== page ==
Around 30 years ago, the world came together to attempt to mend a widening hole in the Earth's ozone layer, which plays a very important role in shielding us from the Sun's ultraviolet rays. A new report compiled by leading environmental agencies has revealed that this long-term healing strategy is continuing to pay dividends, though evidence is emerging that harmful compounds are still slipping through the cracks.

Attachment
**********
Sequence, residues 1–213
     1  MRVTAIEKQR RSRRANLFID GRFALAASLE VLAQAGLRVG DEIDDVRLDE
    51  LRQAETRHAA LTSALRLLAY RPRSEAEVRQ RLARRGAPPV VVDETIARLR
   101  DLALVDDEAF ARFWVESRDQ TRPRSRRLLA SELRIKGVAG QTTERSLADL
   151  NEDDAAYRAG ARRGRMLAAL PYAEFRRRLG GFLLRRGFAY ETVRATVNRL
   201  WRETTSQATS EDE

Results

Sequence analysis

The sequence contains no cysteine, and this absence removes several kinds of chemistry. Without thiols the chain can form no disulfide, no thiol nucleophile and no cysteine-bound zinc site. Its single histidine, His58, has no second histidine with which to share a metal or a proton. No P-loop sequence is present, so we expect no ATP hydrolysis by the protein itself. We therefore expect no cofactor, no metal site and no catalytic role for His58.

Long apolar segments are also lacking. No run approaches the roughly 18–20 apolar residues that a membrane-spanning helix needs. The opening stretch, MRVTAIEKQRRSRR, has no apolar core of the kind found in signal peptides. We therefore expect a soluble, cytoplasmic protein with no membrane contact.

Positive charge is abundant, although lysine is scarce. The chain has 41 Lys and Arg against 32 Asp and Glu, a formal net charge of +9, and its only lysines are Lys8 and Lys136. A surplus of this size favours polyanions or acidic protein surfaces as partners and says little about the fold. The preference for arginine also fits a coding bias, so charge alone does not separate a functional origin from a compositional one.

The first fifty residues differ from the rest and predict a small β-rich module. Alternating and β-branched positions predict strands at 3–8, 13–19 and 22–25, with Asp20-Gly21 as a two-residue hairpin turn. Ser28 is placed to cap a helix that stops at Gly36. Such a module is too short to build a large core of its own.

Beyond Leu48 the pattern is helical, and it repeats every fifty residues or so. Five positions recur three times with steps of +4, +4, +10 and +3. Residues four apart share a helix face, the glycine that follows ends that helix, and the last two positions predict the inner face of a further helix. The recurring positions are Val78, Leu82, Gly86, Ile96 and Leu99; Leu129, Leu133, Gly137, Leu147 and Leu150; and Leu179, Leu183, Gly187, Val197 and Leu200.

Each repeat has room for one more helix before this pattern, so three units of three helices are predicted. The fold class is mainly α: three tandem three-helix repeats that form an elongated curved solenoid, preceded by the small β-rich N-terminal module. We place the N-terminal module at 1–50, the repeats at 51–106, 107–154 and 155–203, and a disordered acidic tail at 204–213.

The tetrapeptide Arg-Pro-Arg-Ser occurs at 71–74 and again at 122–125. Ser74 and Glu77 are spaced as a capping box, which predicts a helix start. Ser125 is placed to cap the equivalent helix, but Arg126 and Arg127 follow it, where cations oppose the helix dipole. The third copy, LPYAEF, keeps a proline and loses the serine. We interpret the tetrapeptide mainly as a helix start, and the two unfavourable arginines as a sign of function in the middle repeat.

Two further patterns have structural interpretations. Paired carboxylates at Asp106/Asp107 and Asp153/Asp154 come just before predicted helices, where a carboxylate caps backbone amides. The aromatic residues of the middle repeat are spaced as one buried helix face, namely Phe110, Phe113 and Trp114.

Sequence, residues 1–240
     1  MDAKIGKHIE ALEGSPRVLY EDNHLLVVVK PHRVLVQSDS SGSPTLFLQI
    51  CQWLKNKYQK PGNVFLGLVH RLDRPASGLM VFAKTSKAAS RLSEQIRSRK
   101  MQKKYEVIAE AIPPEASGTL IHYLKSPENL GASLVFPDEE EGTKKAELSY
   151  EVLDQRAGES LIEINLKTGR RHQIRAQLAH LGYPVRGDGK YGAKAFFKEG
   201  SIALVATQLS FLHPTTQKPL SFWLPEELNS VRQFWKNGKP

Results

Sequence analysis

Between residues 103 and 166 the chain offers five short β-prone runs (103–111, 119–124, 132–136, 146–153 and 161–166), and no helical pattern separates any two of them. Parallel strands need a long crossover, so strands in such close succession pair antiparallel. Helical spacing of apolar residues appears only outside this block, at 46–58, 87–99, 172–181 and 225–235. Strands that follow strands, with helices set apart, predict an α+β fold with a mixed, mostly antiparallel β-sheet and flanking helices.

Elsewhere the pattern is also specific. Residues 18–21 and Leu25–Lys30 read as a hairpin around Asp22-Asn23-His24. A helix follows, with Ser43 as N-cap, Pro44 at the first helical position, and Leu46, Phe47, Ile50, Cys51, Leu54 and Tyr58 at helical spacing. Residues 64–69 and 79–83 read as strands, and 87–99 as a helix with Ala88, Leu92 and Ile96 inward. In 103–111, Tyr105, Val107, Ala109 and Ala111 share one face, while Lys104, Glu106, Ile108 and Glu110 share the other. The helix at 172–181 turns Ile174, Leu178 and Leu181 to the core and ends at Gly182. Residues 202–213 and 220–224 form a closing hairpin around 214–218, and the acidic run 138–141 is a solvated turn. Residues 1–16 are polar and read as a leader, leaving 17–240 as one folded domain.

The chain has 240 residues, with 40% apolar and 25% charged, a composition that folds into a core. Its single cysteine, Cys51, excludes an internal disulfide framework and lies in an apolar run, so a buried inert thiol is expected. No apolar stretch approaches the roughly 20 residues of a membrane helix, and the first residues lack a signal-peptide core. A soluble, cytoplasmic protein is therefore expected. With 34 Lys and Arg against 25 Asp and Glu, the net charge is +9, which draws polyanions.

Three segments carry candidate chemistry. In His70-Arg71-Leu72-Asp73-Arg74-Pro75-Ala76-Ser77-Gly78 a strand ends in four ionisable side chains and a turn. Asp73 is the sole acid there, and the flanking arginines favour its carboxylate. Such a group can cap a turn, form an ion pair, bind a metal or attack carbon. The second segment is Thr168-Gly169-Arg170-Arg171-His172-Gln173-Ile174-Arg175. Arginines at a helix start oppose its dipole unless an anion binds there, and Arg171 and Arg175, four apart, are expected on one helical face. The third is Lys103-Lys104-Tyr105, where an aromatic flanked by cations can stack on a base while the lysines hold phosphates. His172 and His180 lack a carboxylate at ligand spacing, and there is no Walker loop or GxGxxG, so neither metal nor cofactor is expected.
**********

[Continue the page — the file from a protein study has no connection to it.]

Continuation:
It was in 1989 that the Montreal protocol on Substances that Deplete the Ozone layer was enacted, aiming to put a stop to the release of chemical compounds found in fridges, aerosols and dry cleaning products called CFCs. Some modeling suggests that if these compounds were simply left to eat away at the ozone layer, there could now be as many as two million extra skin cancer cases around the world each year.